"Times is tight," one of my coworkers says. And a lot of companies don't have the budget or staff to innovate within the mobile space. As media professionals, we must be scrappy to get around this obstacle. Unfortunately, a big mobile-centered push probably won't happen, but maybe this is for the best. When there isn't a lot of funding to go around, marketers must be creative to reach consumers. And the best way to start is by implementing small bits of mobile as part of larger efforts.
The Federal Reserve predicts that unemployment will reach 10.1 percent and stay there into 2010, and consumers are responding. According to the Pew Internet & American Life Project, 22 percent of U.S. adults have cut back on mobile service in the past year to save money. In another recent study by Strategy Analytics, 48 percent of the heads of household surveyed said that if they were forced to cut their spending they would drop their mobile data service completely. Although we somewhat understand why this is happening, it's important to gain a better understanding and look at how we can respond to these effects.
Everyone is doing more with less. Companies are looking at their budgets and staffs to find efficiencies. As advertisers retrench, mobile may get short shrift. A Forrester Research study called mobile marketing "stagnant," and in a survey of advertisers, the research company found that mobile marketing adoption still hovers around 30 percent, with fewer marketers expecting to adopt mobile this year than in previous years.
The industry is responding with better value. Apple and AT&T have dropped the iPhone 3G's price to just $99. Verizon has offered a free second BlackBerry with the purchase of a first one, a move that pushed $100 million. So though mobile data services may be an area consumers want to cut back, many find that a device that offers Internet, GPS, and camera to be worth the money. Even those sticking to more basic plans are downloading things like ringtones and wallpapers and sending texts and picture messages.
Think Small and Scrappy
Even if the budgets are falling for emerging channels as those around you retreat to their core, it's still possible to keep testing, learning, and innovating in mobile. You just need to be scrappy about it. If you want to get involved in mobile but the budgets aren't there right now, there are still some ways to test. You don't need to build an expensive mobile application as the first step in a mobile campaign. And despite what some may tell you, you don't need to spend $100,000 to do it. That's a good round number to start with, but some one-off tactics will get things started for much less.
Sneak on Some Mobile Extensions
With all ad budgets in retreat in online display, television, and print, media vendors are willing to go the extra mile for dollars. On the flip side, media buyers are looking for ways to extend their brands and surround content. Mobile can fit the bill. Get your target rating point (TRP) goals in the buyer's market in television, then invest remaining dollars in mobile extensions. For example, if you buy ads on-air for a sporting event, check to see if the mobile Web site or app is available for sponsorship. Chances are it is and it will be cheap, almost a rounding error on your buy. Adding a text-message call-to-action short code to your print buy can be very inexpensive, and many magazines and newspapers partner with companies that can handle the sampling and fulfillment very inexpensively.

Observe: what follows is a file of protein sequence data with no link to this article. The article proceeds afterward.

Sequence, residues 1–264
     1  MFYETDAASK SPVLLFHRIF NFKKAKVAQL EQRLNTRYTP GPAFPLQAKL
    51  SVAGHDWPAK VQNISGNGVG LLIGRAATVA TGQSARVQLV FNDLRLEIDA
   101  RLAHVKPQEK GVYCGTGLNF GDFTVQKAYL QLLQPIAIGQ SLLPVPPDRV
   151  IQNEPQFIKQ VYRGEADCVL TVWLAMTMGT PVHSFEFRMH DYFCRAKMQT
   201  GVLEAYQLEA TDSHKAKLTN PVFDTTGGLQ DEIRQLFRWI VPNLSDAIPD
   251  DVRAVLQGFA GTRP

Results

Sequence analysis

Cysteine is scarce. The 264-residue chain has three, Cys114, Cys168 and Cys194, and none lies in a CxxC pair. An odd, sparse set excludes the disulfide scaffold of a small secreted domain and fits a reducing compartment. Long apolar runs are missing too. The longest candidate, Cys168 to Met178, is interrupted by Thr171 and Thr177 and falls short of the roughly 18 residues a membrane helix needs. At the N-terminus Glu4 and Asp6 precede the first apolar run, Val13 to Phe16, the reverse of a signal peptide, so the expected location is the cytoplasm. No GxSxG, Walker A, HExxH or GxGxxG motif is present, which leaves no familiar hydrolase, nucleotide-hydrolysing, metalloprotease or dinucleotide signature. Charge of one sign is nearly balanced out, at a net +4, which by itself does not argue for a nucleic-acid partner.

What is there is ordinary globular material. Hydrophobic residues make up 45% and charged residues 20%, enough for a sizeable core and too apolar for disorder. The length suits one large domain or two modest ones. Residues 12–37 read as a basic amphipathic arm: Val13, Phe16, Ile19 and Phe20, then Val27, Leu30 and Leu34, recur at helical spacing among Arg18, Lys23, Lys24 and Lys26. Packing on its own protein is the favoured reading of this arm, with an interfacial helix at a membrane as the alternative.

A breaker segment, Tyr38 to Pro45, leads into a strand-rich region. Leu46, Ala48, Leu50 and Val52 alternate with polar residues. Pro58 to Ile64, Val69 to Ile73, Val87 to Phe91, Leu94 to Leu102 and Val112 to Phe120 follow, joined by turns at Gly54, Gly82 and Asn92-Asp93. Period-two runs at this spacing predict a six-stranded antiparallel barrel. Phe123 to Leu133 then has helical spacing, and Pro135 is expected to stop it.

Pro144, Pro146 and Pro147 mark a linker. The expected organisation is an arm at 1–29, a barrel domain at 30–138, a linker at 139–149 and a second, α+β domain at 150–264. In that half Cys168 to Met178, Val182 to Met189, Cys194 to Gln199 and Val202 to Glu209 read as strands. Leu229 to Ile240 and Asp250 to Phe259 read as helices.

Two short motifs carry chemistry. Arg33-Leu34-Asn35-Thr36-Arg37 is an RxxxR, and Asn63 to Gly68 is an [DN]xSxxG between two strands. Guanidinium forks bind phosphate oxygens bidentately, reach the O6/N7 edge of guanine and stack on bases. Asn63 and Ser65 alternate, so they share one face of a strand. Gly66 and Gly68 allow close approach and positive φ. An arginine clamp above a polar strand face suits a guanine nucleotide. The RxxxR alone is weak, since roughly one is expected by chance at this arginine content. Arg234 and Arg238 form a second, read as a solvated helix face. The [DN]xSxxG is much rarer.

Keep an Open Mind
Time is money. That's even more true in a recession. Everyone's working double to make up for shrinking workforces. Still, it's easier to stay ready than to get ready. Follow the marketplace even if you don't think you'll be activating in mobile any time soon. Mobile media sellers can contact potential clients with an informational and research oriented pitch instead of the hard sell. Buyers can take a meeting to learn something even if you don't plan to be active in the space. Building relationships and staying informed now means you'll be ready when opportunity comes.
Times is tight, but those who find ways to innovate now by being scrappy and open-minded will have a head start down the road.
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Davis Brewer is lead strategist of emerging channels for Spark Communications. As the lead strategist, Davis manages the robust expansion of all Spark client activity in the digital advertising space.
He acts as a client resource for the agency's digital futures practice, providing insights and analytics as well as risk management, for the latest emerging advertising opportunities in the digital media space. In this dual role, he continues to oversee his existing list of forward-thinking clients.
Davis began his career at an online advertising agency in San Francisco at the height of the dot-com boom. He quickly became a successful agent in the digital commerce arena after moving back to Chicago, armed with the unique perspective of a bubble-burst veteran.
A pioneer of behavioral targeting online, Davis was named a 2006 Rising Star in "DiversityBusiness" magazine. He received his degree in English from Dartmouth College.